Trip Through The Twilight Zone?

My family has always loved the water and any kind of boating. After years of water skiing and boating on midwest lakes and rivers, we decided to move up to larger boats and bigger waters. In the early 1990s we bought a 24 1/2 foot fly bridge cabin cruiser with a trailer and a 4WD Blazer to pull it. This was our travel trailer on land and our live aboard boat when we reached the Great Lakes or ocean.

We had been about everywhere over the years and had finally settled on the Florida Keys as our favorite destination. Once or twice a year we would pull our boat to a different location along the Keys to snorkel, dive and fish. In 1994 we found a little resort called Banana Bay on the Gulf side of Marathon. From here we could easily boat the Gulf or Atlantic side of the keys.

We launched our boat and reserved a slip for the week from a nice gentleman named Earl Light in the marina. Since this location was far from our central Illinois base, I programmed my LORAN to automatically find the strongest transmitting stations for the area.

As we cruised out of the marina, I punched the waypoint button to locate the coordinates of the entrance. We then used our charts to survey the area and locate a shipwreck about five miles north into the Gulf. The water was shallow and we had to navigate around a number of small islands, reefs and sand bars in the area. My boat had every safety feature and my oldest son and I had taken extensive safety training. My wife was apprehensive about going so far out into the Gulf but I assured her that we had charts, a LORAN to navigate, three depth finders, a radio, dual bilge pumps, a backup kicker motor, every piece of safety equipment and even a large bimini top to protect us from the sun.

The first hint of trouble soon appeared. While navigating through the reefs, my LORAN suddenly changed by one minute of latitude. This, of course, translates to one mile on the chart but on the other side of the reef. Not good. In the daylight, I could see the reef, but had it been dark this would be dangerous. I had no intention of boating in the dark but I had to figure out the problem before going out again.

I consulted other experienced boaters who lived on their boats in the marina. It seems that by letting my LORAN pick the strongest stations it did not pick the most accurate ones. The time signals from the strongest stations were coming in parallel to each other rather than perpendicular. They told me which stations to manually pick to give the most accurate locations. I programmed them into the LORAN and told my family that we would go out to the same wreck the next day and snorkel around it. I told my sons that local fishermen indicated that there were large barracuda around the wreck and large sharks had been known to travel along a nearby reef.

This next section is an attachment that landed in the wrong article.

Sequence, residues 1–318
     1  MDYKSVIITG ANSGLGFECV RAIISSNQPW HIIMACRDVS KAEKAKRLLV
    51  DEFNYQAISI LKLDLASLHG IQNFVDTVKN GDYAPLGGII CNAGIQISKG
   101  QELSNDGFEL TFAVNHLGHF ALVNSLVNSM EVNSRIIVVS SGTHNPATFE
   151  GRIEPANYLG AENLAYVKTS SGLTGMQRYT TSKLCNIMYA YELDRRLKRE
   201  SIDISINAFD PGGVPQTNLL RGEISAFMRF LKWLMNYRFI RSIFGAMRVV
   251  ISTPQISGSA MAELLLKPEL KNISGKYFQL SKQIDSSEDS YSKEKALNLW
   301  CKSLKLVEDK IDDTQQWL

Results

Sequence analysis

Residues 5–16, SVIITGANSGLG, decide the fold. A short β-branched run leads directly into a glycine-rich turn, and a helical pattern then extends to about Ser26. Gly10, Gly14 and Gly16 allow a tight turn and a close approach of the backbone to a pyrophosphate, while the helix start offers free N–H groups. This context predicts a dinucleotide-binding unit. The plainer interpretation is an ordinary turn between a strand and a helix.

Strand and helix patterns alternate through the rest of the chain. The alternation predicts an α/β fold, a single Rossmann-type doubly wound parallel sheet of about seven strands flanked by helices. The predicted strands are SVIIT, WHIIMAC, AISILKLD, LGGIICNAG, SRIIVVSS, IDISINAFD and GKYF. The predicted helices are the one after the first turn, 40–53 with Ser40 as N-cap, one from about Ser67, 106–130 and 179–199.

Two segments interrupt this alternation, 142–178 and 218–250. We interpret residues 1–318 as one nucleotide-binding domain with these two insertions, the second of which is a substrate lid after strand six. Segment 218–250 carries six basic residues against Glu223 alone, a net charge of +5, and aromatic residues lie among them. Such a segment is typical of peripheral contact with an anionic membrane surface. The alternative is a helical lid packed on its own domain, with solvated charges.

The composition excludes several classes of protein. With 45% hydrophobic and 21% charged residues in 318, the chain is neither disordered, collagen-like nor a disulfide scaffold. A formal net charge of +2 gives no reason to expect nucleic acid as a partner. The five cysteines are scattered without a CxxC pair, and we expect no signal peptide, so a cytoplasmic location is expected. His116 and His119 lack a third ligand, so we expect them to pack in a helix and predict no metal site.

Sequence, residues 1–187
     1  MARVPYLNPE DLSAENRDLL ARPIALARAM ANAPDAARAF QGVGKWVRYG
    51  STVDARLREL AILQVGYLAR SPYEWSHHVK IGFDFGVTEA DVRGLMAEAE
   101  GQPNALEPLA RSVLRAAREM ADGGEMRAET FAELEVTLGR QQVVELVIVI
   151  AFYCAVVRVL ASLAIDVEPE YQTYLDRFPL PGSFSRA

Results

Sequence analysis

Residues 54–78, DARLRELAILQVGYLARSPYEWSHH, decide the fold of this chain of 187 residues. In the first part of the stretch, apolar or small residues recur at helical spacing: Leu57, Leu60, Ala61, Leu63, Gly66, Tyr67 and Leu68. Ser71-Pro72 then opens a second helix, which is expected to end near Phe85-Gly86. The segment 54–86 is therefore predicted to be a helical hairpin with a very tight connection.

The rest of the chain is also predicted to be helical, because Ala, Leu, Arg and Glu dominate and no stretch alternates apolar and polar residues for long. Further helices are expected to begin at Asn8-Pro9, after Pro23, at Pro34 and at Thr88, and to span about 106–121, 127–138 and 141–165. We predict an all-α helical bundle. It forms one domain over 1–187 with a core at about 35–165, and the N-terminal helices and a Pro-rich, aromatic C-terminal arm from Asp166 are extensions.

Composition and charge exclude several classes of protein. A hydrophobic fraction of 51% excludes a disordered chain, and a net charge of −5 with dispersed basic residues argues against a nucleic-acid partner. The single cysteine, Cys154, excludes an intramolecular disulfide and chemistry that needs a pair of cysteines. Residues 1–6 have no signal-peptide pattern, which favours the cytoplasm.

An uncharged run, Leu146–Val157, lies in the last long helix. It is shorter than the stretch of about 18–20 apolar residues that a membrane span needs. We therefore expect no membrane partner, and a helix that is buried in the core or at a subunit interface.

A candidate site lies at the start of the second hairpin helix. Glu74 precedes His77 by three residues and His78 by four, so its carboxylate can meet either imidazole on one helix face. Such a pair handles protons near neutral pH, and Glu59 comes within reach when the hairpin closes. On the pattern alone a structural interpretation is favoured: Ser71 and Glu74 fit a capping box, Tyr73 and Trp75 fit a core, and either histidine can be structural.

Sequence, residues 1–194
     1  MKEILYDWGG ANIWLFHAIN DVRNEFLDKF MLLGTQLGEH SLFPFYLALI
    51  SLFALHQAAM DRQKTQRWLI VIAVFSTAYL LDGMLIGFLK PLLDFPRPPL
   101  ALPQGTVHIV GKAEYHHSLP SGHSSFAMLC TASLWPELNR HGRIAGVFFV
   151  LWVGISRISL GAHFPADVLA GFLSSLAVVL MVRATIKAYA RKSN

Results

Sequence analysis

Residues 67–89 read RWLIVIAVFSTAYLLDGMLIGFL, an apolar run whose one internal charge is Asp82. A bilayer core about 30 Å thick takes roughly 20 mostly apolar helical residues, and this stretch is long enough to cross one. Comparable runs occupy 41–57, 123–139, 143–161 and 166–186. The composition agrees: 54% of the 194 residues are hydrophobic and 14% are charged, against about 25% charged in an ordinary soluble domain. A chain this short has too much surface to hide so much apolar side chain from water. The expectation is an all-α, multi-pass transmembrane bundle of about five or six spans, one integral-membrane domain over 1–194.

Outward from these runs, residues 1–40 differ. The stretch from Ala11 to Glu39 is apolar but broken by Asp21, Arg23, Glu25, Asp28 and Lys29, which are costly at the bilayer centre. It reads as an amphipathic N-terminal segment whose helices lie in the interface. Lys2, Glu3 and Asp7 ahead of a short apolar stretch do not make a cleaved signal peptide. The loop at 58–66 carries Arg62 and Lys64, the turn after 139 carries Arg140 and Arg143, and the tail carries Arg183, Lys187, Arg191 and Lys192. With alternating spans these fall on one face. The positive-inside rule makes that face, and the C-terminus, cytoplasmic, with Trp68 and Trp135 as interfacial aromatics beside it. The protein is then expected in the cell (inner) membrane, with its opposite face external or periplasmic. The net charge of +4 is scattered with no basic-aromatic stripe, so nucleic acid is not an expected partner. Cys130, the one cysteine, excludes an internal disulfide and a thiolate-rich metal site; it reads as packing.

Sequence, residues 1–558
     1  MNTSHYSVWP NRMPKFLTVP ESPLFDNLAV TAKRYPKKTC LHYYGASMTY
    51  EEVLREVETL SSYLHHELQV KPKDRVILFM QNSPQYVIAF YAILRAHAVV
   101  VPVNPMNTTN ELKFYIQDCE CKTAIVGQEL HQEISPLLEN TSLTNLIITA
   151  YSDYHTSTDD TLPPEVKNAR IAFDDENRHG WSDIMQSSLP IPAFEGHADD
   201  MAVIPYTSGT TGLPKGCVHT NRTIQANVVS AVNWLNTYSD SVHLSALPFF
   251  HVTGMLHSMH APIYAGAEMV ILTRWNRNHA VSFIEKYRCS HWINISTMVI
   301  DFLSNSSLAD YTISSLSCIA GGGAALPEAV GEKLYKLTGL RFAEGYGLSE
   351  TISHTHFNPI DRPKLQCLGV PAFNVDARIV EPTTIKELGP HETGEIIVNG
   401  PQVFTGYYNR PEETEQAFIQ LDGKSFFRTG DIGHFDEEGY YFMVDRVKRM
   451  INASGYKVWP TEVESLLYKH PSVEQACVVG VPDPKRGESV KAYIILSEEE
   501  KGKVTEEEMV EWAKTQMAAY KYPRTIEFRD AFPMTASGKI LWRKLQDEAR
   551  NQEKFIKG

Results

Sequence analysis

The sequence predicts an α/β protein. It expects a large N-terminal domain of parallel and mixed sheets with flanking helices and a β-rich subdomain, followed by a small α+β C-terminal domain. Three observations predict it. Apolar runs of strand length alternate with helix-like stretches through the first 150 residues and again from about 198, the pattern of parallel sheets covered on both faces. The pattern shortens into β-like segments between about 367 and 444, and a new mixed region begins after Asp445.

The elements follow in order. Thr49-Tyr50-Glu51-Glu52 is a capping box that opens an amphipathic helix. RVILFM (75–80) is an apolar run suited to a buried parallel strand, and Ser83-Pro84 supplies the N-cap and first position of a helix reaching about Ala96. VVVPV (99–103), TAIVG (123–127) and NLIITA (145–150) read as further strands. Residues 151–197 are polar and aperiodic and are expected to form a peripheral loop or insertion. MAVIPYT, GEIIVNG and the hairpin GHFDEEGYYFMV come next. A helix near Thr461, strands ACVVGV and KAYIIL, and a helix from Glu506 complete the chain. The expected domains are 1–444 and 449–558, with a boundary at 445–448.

About noon I told Earl at the marina where we were going and that I would try to bring him a nice snapper for supper. We then headed out in good weather with a chance for an afternoon thunderstorm. This is the standard forecast for this area almost everyday in July. We arrived at the wreck and dropped anchor.

The water was clear and the wreck was alive with various fish including nice snappers and large barracuda. After a couple hours of snorkeling, I decided to get Earl his snapper and head back to the marina. I got out my spear gun, cocked it and dove down to select a nice fish. Every time I lined up a good shot, this large barracuda zoomed in front of me and scared away the snapper. After about the fourth time, I was getting tired and decided to shoot the barracuda if he did it again. Sure enough, he did it again. He was about 10 feet out and really out of range for my spear gun set on low power. I fired and hit him in the side. To my surprise the spear bounced off him and even more to my surprise he came straight at my face with his mouth wide open.

He turned away just inches from my mask. The display of teeth right in my face was quite a warning. I went to the surface to get another breath and recock my spear gun. This time I was going to pull the rubber back to the high power position. I braced the gun against my hip and pulled the rubber band back and hooked it to the second notch. As I was moving the gun away from my hip, the metal hook on the rubber band broke. I still had a tight grip on the rubber bands as the full tension shot the gun back into my chest.

The butt end of the handgrip cut a one inch gash all the way into one of my rib bones. With my gun broken and my chest bleeding it was time to give up and go in. We pulled up the anchor and headed back to the marina.

As the boat was reaching planing speed, the engine suddenly revved up as the boat slowed down. At first I thought that it had jumped out of gear. I looked over the back of the swim platform as my son carefully shifted it into gear. Everything looked OK so I climbed back up on the fly bridge and started out again. Once again the engine revved and the boat slowed. I shut down the engine, raised the outdrive and checked the propeller. The rubber bushing inside of the propeller was slipping. What to do now?

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